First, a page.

You need to take the following steps:

  1. You already have three (3) partitions on the SSD (nvme0n1p1, nvme0n1p2, and nvme0n1p3)
  2. Since Windows is already on the Machine, I assume it is nvme0n1p3 (678.32GiB). That means nvme0n1p1 should be an EFI System Partition (ESP). Please note this specifically … You do not need another EFI partition. You already have one. Also … what ever you do, DO NOT … don’t format the existing EFI partition because that will elongate your journey and surely make you despondent. Don’t do it. You are warned!
  3. Create the following partitions on the free space 256GiB (/boot, /, /home, and /swap)
  4. Set the mount-point for nvme0n1p1 to /boot/efi (assuming nvme0n1p1 is actually the ESP … I am betting on it). See? You are only mounting the existing EFI partition, you do not need to create one – no need to format that too.
  5. Now run the installation

How did it go?

Haha I sure am!

When creating those partitions on the free space 256gb, is that something I do within windows disk manager or within the Fedora installer? How exactly do I go about that and how much space should I allocate to each?

Sorry for all the questions, just want to make sure I get this right.

Thank you!

You do that within Fedora Installer please.

The sizes are up to you … but I suggest you reserve about 40GiB to 50GiB for / (root partition). /boot can be 1GiB (512MB might just do since only kernels are stored there but I like overheads so mine is 1GiB. /swap can be 8GiB (I have seen recommendations in favour of twice the size of your RAM. However, this also depends on your computing needs. Fedora may not use the physical swap space if you have enough RAM for your computing needs).

You can allocate the remaining space to /home. Eventually, your data will live in /home. So, it deserves enough space to take whatever you will be throwing in there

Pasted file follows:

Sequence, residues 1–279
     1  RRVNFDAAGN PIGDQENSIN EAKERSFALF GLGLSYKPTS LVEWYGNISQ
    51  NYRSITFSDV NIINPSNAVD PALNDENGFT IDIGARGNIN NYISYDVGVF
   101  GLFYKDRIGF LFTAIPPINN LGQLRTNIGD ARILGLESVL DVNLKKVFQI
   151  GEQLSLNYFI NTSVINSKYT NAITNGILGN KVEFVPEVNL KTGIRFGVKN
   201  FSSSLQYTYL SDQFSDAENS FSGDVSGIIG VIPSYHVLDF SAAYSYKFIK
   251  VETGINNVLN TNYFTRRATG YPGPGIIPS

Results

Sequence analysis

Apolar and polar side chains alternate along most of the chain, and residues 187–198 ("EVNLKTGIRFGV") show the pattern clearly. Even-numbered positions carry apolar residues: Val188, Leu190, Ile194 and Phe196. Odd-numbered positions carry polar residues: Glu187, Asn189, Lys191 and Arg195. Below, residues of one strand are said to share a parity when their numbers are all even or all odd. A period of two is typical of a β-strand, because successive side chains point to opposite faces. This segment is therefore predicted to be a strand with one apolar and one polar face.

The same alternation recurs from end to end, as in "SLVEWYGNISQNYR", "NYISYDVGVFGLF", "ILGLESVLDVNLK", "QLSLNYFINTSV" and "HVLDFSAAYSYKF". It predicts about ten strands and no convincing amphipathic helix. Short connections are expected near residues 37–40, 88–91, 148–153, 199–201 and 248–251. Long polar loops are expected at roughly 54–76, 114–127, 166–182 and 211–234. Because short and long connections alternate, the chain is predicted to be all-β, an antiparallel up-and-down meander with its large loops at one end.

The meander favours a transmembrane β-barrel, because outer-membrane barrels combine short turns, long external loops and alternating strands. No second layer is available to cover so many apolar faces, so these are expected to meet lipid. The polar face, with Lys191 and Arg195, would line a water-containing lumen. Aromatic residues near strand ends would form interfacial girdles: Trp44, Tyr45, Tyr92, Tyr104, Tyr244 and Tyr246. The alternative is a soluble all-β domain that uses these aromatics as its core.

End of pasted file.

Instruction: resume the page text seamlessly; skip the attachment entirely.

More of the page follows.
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imntesta has me confused as to exactly what he is doing and why he is using 2 different machines. He has posted different machine photos here so I cannot be certain we are even giving him correct guidance.


Here he showed he was working on a machine with a standard HDD shown as /dev/sda

now during the install he shows he is working on a machine with an nvme SDD

Those show two distinctly different machines and he is having problems following guidance already given. I am confused!!! :thinking:

It is possible that @imntesta is running the installation from a USB live media. However, I am not sure how ls /dev will represent the live USB. I can confirm that USB sticks are labelled like regular HDDs. My 4GB stick bears /dev/sdc1 as at the time of writing

When running from live USB I see the partitions on the USB as /dev/sdaX, etc. but that would not explain why /dev/nvme0 did not show on his first pic above. It seems that he has to be posting pics from 2 different machines.

See this response.
Some computers ship with hard-drives configured with software RAID (BIOS). Such drives are not detected by Anaconda. In @imntesta’s case, the SDD showed up after he changed the configuration from RAID to AHCI

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Ahhhh! :grimacing:
I don’t use Dell, thus am not used to that dell bios so I missed that. Still confused but better. :thinking:

Thank you both for your help! I just got home from work and I’ll be giving your suggestions a shot.